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GP Week : Issue 233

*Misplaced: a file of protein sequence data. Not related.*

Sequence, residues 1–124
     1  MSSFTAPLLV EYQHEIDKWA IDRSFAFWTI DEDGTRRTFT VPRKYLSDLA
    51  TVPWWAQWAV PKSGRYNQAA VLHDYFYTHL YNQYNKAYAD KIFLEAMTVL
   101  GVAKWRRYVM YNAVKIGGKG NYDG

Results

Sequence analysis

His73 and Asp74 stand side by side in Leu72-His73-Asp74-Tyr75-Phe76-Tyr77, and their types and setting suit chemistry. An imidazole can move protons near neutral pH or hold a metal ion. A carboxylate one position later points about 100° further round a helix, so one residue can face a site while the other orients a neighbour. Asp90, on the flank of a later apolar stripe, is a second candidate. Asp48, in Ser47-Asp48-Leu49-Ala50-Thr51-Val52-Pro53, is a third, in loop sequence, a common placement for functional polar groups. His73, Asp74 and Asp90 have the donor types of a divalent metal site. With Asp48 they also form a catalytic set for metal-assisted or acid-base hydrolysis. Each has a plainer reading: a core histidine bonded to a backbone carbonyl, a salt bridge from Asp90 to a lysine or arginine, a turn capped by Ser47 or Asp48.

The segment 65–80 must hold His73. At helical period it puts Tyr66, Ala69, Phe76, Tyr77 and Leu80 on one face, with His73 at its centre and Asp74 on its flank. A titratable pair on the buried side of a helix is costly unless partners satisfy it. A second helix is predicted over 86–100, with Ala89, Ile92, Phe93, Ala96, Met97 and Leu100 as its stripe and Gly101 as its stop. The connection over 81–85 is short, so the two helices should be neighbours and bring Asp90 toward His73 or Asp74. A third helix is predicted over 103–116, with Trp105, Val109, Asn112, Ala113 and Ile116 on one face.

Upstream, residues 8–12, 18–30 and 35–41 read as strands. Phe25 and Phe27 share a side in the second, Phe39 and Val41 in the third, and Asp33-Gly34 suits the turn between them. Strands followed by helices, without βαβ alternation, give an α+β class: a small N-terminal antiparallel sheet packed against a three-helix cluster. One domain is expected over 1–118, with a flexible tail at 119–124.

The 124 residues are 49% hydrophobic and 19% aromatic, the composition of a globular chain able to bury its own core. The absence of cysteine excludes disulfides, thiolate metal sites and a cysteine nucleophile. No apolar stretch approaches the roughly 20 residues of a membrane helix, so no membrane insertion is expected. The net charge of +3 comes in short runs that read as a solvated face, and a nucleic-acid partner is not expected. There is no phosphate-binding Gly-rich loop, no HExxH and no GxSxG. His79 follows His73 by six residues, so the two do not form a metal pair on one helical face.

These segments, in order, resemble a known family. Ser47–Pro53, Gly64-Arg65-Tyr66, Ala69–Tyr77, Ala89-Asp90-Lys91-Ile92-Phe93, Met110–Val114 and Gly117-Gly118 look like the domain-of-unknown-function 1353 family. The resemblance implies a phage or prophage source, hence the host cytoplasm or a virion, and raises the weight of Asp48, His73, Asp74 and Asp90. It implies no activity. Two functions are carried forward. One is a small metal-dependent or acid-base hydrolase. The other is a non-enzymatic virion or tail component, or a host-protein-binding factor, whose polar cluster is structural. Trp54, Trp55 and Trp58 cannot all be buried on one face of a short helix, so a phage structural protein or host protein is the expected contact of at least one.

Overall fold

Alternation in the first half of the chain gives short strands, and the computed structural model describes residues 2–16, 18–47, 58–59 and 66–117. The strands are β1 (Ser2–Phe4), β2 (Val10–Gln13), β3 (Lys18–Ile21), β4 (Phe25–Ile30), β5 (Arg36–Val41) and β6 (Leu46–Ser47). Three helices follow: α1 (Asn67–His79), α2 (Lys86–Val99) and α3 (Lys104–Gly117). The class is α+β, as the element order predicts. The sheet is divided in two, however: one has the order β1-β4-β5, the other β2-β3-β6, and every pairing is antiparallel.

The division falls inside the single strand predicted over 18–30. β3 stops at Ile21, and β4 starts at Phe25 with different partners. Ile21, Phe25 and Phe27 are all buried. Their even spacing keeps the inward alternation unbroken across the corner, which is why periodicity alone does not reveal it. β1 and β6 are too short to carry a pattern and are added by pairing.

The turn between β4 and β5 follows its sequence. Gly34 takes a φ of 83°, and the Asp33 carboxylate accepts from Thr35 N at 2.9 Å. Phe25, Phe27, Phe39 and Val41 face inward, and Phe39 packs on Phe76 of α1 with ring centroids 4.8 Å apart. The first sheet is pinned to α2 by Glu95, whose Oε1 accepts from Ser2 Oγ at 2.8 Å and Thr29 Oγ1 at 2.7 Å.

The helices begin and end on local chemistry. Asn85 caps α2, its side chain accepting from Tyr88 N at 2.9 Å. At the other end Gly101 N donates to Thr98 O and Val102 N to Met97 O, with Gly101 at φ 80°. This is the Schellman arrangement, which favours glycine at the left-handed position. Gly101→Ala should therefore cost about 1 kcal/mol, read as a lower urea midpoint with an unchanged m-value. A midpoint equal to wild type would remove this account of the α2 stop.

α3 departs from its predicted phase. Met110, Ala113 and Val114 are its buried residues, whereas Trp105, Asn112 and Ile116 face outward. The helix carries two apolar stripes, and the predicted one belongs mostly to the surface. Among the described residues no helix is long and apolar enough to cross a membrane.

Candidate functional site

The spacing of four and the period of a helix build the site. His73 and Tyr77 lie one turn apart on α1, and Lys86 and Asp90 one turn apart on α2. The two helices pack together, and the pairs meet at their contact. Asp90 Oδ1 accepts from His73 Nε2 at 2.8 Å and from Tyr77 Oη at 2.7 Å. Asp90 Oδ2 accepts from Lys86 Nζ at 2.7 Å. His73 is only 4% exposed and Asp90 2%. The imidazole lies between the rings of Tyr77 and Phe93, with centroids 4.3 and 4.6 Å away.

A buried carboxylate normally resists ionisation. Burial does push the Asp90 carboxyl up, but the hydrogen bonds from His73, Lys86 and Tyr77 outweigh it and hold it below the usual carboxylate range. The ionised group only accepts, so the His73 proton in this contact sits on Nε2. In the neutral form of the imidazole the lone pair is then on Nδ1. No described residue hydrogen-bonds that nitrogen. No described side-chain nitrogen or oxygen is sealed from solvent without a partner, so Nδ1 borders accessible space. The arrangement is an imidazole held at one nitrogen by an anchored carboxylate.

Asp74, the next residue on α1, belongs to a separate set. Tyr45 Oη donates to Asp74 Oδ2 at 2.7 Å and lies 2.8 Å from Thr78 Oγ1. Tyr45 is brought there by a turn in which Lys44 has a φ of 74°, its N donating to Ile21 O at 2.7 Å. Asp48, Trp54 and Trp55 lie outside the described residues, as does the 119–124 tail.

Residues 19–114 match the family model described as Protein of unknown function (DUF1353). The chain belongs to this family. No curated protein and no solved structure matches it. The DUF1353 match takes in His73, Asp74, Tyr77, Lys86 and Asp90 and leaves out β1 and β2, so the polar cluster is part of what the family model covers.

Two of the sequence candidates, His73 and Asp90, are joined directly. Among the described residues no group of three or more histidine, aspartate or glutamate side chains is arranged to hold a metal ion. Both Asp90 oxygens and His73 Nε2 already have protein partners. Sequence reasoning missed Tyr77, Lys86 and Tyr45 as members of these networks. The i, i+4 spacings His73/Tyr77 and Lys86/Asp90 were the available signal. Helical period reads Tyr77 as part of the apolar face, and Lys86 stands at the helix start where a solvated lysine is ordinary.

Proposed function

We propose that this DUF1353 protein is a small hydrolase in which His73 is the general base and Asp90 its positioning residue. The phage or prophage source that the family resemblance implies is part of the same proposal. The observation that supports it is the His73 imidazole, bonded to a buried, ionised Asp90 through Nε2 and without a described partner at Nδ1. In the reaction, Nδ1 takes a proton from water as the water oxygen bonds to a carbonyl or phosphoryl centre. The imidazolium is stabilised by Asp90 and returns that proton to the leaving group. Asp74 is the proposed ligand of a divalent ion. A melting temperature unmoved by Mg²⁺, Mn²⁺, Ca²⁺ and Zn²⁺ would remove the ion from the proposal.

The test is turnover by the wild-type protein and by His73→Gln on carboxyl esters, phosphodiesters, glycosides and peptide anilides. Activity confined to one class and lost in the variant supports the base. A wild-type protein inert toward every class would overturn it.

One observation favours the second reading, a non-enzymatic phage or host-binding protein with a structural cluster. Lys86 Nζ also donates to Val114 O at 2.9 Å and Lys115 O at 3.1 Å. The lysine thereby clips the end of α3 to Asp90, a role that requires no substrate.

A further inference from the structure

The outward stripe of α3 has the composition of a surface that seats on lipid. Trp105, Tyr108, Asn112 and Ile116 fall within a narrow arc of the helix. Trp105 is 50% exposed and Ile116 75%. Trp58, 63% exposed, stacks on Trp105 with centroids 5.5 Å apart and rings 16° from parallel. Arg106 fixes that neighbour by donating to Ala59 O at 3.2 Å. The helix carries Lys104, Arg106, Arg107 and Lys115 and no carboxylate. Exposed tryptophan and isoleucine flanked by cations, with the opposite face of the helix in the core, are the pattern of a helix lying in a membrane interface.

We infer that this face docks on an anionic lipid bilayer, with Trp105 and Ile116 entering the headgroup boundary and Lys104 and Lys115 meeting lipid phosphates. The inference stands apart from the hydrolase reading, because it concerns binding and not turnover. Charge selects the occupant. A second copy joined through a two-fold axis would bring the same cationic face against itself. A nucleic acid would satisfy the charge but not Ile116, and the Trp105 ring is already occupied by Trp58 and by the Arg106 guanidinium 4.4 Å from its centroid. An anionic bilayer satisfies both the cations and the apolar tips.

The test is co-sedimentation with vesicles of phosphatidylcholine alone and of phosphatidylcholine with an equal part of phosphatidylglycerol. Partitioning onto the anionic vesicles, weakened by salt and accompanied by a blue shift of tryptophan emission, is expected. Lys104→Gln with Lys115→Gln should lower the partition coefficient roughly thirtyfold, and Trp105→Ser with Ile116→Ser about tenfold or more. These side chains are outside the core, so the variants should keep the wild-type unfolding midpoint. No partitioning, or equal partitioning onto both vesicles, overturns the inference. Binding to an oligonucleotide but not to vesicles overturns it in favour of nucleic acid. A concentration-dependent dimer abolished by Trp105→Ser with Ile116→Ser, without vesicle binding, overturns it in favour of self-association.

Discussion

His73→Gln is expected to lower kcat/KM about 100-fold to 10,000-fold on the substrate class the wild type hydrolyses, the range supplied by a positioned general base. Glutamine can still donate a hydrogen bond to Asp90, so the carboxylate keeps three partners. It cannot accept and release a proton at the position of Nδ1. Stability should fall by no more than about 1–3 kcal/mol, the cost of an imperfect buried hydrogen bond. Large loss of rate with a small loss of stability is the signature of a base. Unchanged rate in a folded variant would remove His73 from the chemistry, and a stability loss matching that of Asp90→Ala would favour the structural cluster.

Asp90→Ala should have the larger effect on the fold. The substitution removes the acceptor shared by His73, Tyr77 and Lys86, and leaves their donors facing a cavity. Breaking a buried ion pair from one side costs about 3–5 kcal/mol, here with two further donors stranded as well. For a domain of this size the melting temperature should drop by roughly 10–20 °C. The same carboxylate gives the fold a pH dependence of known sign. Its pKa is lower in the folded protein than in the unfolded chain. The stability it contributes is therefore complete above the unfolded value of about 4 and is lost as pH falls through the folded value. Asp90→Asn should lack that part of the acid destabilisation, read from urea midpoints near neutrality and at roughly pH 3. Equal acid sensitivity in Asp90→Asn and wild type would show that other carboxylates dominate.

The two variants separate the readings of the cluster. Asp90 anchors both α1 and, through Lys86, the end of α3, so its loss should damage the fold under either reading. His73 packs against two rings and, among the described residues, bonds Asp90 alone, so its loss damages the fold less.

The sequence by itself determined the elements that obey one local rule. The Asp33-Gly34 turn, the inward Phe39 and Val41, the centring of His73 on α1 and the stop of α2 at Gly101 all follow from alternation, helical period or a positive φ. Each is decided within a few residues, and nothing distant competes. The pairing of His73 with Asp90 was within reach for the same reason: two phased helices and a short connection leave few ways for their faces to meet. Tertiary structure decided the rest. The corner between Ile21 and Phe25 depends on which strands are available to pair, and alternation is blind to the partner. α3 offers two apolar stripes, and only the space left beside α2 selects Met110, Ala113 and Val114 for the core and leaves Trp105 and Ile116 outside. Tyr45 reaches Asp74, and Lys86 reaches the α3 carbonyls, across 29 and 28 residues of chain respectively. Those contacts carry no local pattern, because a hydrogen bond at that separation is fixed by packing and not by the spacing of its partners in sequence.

OPINION MIKE DOODSON sometimes you know instinctively when somebody has screwed up and is making an appalling mistake. Think short-sighted man walking into a telegraph pole. That's how many of us felt on saturday when Jean Todt, who as President of the FIA is the official representative of everyone involved in our sport, had the effrontery to try to belittle the gravity of the events which had cost the lives of more than 120 innocent people in the terrorist attacks of the previous evening in Paris. Almost since he assumed the presidency of the FIA in 2009, Todt has been putting out an image of being a seriously confused (not to mention short-sighted) person. We will come to this shortly. Like his predecessor Max Mosley, he has been conscious of the federation's supplementary non-sporting rôle as the body originally set up to represent the interests of motoring organisations whose members use their cars for touring and travelling abroad. These days, of course, with car travel no longer the adventure it still was half a century ago, the FIA has moved on to campaign for improved standards of car construction safety. Mosley had some notable successes in this area. Todt has followed up that good work by rather noisily throwing his weight behind road safety campaigns aimed, somewhat optimistically, at reducing the world-wide death toll, which he estimates at 3500 per day. In Todt's muddled mind, those 3500 daily deaths outweigh the significance of the attack by Islamist terrorists in Paris – his own home city – which killed and critically injured so many in recent days: "Do you realise that the number of people killed in road accidents is by far bigger than the number of people who died in Paris yesterday?" he whined at the presenter of a TV show in which he was appearing. It is difficult to avoid imagining that Todt's antagonism towards the victims of the blood-thirsty terrorists was personal. For some months he had been planning to supplement the pre-race ceremonies in São Paolo with a tribute to the nameless thousands of dead road- users. Paris changed all that, overnight, and Bernie Ecclestone was (correctly) urged by numerous people from all walks of F1 life to ensure that their sympathy for the victims, and their unconditional condemnation of the perpetrators, were expressed on race day. Instead of setting aside his very personal political agenda of road safety, Todt attempted to downplay what had happened in Paris. Yes, each of those road deaths is a catastrophe for the families who have lost a loved one. But the Paris attacks were deliberately planned to destroy and brutalise lives at random, in the name of a per verted ideology. Just as we stood to honour the innocents who died at the hands of similarly-minded criminals in New York in 2001, or to pay tribute to those who were murdered in the Charlie Hebdo outrage earlier this year, we needed to acknowledge those whose lives had been lost or wrecked last Friday. I am sure that Todt had no intention of appearing to be insensitive or offensive. That, though, is the impression which he has given out to the world. He did not help himself when, for reasons known only to himself, he rejected any suggestion that the FIA (based in Paris) should wish to share the pain of fellow-Parisians. "Paris is one of the great capitals of the world and it's not appropriate to link the FIA to this tragic accident," he said. Pardon me, Monsieur le Président, but that wasn't an accident on Friday, it was a murderous conspiracy by deranged idealists who hold you and your countrymen in such deep contempt that they believe you deserve to die violently simply because you value being members of a free-thinking society. Far more appropriate for the President of the FIA would have been some words of compassion. He even seems to have overlooked the fact that there was more than one important international event taking place at the weekend. Without any inter vention from FIA headquarters, the mood at the finish of Rally GB on Sunday was appropriately sombre, with three- time winner Sebastien Ogier declining the usual champagne in favour of simply spreading his country's flag across the screen of his winning VW. Jean Todt's obsession with reducing the road toll would be more commendable if the FIA were the only international organisation involved in promoting road safety. In fact it is just one of many (and not one of the most influential). The leaders of some of the rival organisations are suspicious of Todt's motives, believing that he has an eye on securing some future position with, say, the United Nations, or even on getting himself nominated for some prestigious international award. His lack of popularity with fellow road safety campaigners inevitably stems from the fact that his rôles at the FIA are contradictory. How can anyone take seriously the commitment to sweeping death off the roads of a man whose day job is to promote a sport in which competitors seek to drive at speeds which under most circumstances would seriously endanger the lives of others? As this column has observed on more than one occasion, Formula 1 motor racing urgently needs the services of an administrator who can analyse its shortcomings, develop a solution and bang together the necessary heads to make it happen. It's not so long ago since Todt presided over the creation of the new hybrid F1 which was supposed to make the sport more transparently eco-friendly while also limiting financial extravagance by penalising drivers (not the engine suppliers!) who used more than four power units per season. In Brazil at the weekend, Fernando Alonso found himself using his 12th Honda power unit of the season. Jean Todt's response to this glaring demonstration of a failed rule, when not trying to avoid calls for F1 folk to show any sympathy with the victims of terror in Paris, was to offer his support to a plan for a "budget" engine. In abandoning the regulations laid down by his own federation, I'm certain that Todt is behaving unethically, and I'm pretty sure he's also breaking his federation's own rules. Surely it's time for the president of the FIA to go back to work, start concentrating on things that really matter and try to secure for himself the reward for doing the job he was elected to do, not the one which he thinks will earn him sainthood. 12 GPWEEK.com // 12 GPWEEK.com // PARTNERS: OPINION when priorities are so, so wrong